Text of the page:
Today we are pleased to publish a post from Greg More founder of OOM Creative. We saw some of the maps being created by Greg and his team for the City of Melbourne and knew our users would be interested in the project and process. Enjoy!
OOM Creative recently launched a project for the City of Melbourne to visualize their entire tree database as an interactive map. The map as part of a website to communicate key issues facing Melbourne's urban forest presents an overall view of the health of the city trees and also enables users to explore the data for with each individual tree in the city.
This design was based on two main questions. Firstly how can the data of 70 000 trees be used to communicate the condition of Melbourne’s urban forest? Secondly how can this information be made available to assist an ongoing public consultation process and therefore accessible across a range of desktop & mobile devices?
In development with the Urban Forest team we designed a digital platform for the project that features: data visualizations slideshows and interactive maps. After a few data tests and precedents like the NYC Canopy project CartoDB became a clear choice for the map component as it could provide solutions to support the above questions: it handles data management the number of elements and visual styling with ease and works across platforms including mouse and touch interaction.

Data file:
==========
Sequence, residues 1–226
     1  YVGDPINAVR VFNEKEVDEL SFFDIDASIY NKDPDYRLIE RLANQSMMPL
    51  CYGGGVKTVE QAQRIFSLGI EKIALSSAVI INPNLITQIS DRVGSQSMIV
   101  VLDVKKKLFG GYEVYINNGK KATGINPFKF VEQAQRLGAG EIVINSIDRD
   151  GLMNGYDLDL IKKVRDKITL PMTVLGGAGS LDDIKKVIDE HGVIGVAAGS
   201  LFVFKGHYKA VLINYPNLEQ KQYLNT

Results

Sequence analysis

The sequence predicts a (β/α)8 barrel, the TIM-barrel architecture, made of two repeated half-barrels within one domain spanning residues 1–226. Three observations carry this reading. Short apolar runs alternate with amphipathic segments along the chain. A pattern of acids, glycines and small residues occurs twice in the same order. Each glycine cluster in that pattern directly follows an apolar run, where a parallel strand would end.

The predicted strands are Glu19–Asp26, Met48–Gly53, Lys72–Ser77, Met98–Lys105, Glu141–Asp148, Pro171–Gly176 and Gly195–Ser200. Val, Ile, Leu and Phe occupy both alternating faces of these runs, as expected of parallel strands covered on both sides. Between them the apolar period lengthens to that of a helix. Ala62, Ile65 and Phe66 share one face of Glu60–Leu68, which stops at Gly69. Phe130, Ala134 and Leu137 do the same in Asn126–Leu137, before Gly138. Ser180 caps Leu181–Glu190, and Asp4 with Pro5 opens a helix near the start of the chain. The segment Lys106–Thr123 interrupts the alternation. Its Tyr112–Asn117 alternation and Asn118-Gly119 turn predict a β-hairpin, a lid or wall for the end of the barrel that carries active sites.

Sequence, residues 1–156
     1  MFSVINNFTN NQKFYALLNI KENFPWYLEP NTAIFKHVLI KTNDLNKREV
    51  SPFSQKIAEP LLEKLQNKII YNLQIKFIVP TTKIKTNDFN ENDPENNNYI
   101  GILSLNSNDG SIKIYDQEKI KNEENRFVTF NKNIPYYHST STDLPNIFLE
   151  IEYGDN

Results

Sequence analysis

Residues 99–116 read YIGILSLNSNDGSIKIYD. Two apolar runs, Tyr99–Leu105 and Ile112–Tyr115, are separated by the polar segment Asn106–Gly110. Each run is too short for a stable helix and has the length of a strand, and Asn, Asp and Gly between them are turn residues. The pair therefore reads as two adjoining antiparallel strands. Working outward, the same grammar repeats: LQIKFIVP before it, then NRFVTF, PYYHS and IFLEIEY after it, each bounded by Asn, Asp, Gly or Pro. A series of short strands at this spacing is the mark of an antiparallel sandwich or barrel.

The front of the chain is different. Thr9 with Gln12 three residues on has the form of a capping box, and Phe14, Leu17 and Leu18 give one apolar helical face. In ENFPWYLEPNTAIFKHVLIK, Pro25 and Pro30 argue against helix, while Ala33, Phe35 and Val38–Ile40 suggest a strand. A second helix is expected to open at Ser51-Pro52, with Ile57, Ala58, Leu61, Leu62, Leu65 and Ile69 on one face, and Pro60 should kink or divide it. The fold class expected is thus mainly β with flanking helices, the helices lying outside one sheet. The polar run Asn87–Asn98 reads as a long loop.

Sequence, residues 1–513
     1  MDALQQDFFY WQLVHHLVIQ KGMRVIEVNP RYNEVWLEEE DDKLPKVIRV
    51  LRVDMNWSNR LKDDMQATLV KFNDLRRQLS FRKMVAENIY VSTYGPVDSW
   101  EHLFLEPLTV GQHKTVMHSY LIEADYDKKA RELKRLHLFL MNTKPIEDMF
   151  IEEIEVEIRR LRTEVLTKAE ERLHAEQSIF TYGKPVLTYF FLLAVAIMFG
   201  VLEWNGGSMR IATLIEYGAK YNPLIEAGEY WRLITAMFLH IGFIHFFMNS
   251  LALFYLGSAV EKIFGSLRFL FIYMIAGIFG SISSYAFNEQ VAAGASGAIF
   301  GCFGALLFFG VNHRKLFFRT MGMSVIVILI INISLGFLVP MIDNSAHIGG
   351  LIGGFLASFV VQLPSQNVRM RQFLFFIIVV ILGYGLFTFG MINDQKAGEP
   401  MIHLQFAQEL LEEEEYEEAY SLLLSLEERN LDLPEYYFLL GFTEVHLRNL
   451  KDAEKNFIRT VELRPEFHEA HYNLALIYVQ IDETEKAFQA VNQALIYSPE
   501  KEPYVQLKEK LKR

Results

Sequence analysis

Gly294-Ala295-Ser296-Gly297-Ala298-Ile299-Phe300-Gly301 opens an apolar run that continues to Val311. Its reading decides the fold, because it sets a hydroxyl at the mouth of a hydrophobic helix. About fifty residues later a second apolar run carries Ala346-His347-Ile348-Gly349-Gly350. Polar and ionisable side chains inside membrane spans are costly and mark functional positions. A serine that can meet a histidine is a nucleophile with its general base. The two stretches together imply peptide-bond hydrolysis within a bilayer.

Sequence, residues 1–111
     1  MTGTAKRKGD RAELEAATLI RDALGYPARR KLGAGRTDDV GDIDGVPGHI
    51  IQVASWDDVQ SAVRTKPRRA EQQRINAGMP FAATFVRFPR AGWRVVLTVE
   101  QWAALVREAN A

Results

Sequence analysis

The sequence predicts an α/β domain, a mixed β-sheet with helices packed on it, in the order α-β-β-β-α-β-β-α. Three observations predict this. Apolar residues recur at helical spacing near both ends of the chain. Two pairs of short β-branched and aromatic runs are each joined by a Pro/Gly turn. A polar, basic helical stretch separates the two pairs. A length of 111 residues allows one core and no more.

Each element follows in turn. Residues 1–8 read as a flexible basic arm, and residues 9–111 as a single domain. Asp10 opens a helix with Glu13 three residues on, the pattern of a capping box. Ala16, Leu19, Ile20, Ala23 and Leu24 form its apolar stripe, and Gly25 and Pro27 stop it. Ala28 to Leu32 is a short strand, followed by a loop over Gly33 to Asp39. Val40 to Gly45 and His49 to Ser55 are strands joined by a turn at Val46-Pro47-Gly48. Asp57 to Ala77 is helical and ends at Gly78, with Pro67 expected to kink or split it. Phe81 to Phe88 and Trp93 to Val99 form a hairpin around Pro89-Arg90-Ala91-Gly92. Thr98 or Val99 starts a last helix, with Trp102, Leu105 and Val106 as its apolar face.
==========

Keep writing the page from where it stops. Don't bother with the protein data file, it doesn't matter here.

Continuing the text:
What is unique with the City of Melbourne tree dataset is that it’s based on a total tree audit undertaken by the Urban Forest team: where the condition of each tree in the city was recently assessed for its useful lifetime expectancy. It is this dimension of the data – when mapped through an associated color range – that reveals a visual heat-map of which trees in the city are at risk.
As the project design developed combining lifespan and tree diversity became the clearest approach to allow the dataset to be understood in a map format. We developed distinctive icons for each of the main tree types (by genus). The symbols and their coloration work for print and interactive formats and retain a level of abstraction so they can be read as trees but do not look like trees.
This use of colored iconography is most effective when walking through the city and viewing the map on a mobile device: you get an immediate sense of type and status of the trees around you. If there is something to be noted about a tree simply touch the tree symbol popup and it sends an email to the City of Melbourne Urban Forest team.
We look forward to seeing how this map changes overtime and how the citizens of Melbourne use this information to better manage their urban forest.